With the holiday season well upon us, many of us are searching for great gifts for our Magic-playing friends. My group used to do a Yankee Swap, so each of us were tasked to find a gift everyone would like. I found this nightmarish. There were always a couple of Holiday Gift Boxes, a random playmat and some funky booster packs. These are all fine gifts, but when you have a player who desperately needs deck boxes (please don't hold your decks together with elastic bands!), and another who owns no playmats, you never knew who was going to end up with what.
Given that half the players weren't getting a gift they particularly wanted, we looked for an alternative. We could draw names, but if someone couldn't be there that night, it was lousy that the player they had wouldn't receive a gift that night. This is when we opted for the Wacky Draft option!
For those who don't know, a Wacky Draft involves a regular draft, but everyone in the draft is opening all different packs. With eight drafters, there are 24 different packs! There are positives and negatives to a Wacky Draft. The negatives are tied to the variability of the draft. You are not going to build much of an infect deck if only one or two packs include cards with infect. Themes within blocks may not work with the limited number of packs you'll see in the set. This usually means you are looking at themes that are true across Magic. Red will have burn spells. White will have small, efficient creatures. Blue will have ways to disrupt what the opponent is doing. The positives of a Wacky Draft tend to involve reminiscing about sets you haven't seen in a while, opening up wildly powerful cards and finding themes that do work across multiple blocks that no one else has found because no one else has drafted those particular sets together. The joy of Wacky Draft is getting into the experience of the draft; we start by drafting the boosters, and typically everyone is jockeying for who will get to open which pack first! While I wouldn't want it as a weekly format, once or twice a year it proves to be a fun variant.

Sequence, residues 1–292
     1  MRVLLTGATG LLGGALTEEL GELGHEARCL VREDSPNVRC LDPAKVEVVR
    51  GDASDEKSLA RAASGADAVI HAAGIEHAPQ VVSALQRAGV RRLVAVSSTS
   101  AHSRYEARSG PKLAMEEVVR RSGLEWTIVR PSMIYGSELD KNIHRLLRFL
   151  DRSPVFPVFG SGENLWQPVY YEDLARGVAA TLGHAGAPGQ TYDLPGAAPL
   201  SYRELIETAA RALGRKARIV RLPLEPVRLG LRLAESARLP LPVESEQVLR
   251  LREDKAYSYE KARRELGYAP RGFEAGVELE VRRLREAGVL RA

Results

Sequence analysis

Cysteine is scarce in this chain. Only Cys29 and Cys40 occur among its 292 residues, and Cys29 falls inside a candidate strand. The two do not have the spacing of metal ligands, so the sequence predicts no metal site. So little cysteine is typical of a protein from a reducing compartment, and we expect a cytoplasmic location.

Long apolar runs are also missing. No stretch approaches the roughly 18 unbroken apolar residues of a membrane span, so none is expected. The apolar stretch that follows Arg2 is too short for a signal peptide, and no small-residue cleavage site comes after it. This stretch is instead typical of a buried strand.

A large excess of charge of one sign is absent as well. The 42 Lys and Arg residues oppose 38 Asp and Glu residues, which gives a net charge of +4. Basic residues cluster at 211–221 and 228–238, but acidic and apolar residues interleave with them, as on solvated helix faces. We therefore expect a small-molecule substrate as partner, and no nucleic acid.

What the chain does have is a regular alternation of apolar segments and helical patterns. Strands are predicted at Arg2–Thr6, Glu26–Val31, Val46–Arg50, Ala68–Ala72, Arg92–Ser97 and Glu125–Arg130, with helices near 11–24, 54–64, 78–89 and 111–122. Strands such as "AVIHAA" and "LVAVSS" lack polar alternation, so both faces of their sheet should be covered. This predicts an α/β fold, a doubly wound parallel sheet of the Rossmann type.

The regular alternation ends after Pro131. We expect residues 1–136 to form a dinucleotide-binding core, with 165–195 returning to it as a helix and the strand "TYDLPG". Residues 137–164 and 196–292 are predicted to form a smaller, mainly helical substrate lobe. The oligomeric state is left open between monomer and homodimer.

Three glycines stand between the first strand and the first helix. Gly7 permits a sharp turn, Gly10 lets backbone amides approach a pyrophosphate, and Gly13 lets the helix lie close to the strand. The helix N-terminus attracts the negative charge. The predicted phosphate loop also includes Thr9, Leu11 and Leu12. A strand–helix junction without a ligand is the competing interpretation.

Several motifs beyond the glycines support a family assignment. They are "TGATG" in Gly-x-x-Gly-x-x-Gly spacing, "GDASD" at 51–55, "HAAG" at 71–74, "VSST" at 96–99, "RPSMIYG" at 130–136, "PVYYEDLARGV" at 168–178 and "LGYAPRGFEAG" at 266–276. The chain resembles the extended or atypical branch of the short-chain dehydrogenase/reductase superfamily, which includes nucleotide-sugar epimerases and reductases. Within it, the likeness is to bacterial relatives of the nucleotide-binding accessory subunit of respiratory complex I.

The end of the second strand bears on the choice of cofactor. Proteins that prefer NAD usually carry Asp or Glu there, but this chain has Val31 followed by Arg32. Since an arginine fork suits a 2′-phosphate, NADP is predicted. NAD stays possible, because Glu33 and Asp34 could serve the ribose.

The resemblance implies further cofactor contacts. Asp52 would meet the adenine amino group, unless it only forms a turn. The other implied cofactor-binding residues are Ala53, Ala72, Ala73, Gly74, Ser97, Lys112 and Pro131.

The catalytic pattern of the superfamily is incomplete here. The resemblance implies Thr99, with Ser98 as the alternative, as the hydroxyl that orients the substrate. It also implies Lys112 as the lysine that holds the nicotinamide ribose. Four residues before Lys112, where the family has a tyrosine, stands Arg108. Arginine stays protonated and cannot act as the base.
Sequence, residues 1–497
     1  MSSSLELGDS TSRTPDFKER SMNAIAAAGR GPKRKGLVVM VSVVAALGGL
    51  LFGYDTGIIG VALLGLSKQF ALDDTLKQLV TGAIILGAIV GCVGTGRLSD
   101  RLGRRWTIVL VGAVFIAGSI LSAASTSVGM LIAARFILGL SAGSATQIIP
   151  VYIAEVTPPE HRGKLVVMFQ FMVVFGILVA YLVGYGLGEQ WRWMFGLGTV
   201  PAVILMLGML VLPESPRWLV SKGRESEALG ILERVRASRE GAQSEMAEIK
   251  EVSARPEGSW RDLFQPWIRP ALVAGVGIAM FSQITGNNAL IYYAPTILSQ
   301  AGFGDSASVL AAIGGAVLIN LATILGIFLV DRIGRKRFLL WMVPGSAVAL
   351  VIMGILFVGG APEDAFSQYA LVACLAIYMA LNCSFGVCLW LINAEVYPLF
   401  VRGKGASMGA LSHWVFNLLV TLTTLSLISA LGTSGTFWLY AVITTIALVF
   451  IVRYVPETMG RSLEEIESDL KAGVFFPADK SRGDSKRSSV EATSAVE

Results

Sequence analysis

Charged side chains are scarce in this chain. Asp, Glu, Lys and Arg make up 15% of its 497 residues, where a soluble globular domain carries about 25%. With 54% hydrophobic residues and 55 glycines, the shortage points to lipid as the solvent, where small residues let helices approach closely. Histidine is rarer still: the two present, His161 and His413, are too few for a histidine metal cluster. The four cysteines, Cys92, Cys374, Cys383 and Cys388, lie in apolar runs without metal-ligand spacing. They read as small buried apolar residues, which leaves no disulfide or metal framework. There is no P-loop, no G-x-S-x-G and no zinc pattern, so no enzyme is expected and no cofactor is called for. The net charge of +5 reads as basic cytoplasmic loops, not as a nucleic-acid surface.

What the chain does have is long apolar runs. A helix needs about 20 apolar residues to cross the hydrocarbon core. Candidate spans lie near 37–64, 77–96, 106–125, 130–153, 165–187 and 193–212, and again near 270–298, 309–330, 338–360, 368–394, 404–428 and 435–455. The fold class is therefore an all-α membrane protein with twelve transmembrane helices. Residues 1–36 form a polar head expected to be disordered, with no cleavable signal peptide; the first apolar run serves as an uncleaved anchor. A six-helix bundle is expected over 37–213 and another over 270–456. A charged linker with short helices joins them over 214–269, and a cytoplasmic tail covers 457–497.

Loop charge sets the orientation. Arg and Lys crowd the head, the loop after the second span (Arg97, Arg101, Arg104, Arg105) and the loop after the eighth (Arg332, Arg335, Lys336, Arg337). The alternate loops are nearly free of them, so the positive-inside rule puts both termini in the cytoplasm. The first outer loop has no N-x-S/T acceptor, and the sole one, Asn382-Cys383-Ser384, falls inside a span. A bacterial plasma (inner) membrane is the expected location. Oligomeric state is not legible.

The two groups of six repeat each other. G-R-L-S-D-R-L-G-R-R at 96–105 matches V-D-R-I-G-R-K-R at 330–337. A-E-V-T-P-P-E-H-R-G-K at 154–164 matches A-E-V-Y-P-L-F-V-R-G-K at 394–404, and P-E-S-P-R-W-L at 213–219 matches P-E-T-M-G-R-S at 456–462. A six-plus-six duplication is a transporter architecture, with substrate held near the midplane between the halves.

Doing a Wacky Draft really worked well for our group. Everyone who was coming would announce in a group email what packs they were bringing, so there would be no overlap. We set a price cap ($20 for us but you could certainly go higher or lower) and expected everyone to spend to that amount. For most of us that meant spending more for a single pack from Magic's history, then buying two regularly priced packs from the more recent sets. As a particularly casual group, we had Unhinged, someone who offered Fallen Empires and Homelands together as one pack, and someone who offered up Conspiracy. If your group is a little more serious, you can expect Modern Masters, something from the Urza block, an Alliances pack or other packs that promise powerful spells.
Wacky Draft meant that we weren't getting lackluster gifts we weren't particularly excited about, but instead were getting a night of fun that was different from our usual fare. Since it was a gift, the idea of spending more money on a single pack of cards was easier to swallow. It becomes more about the experience of sharing the draft with friends than the drafting itself. We have had a great time doing it and we're doing it again this week! I'm bringing Conspiracy 2, Modern Masters, and four packs of the Ugin's Fate promo boosters I still had left over from the prerelease.
I was introduced to a variation on this theme just last weekend. My "normal" week involves playing on Thursdays with my regular group, but over the weekend, I drove out to Syracuse from my home in Boston to play some Magic with my good friend and this site's Content Manager, Adam Styborski.
One of the things we did over the weekend was Wacky Sealed. For this format six packs from different sets (and even blocks) are assigned to each person. That person then builds a deck from those cards and plays their games with that deck. In our case, we each received the same six packs, since Stybs had enough of each set to pull it off. This balanced the field a little since it would hardly be fair to give someone a Modern Masters pack and someone else an underpowered pack of Mercadian Masques.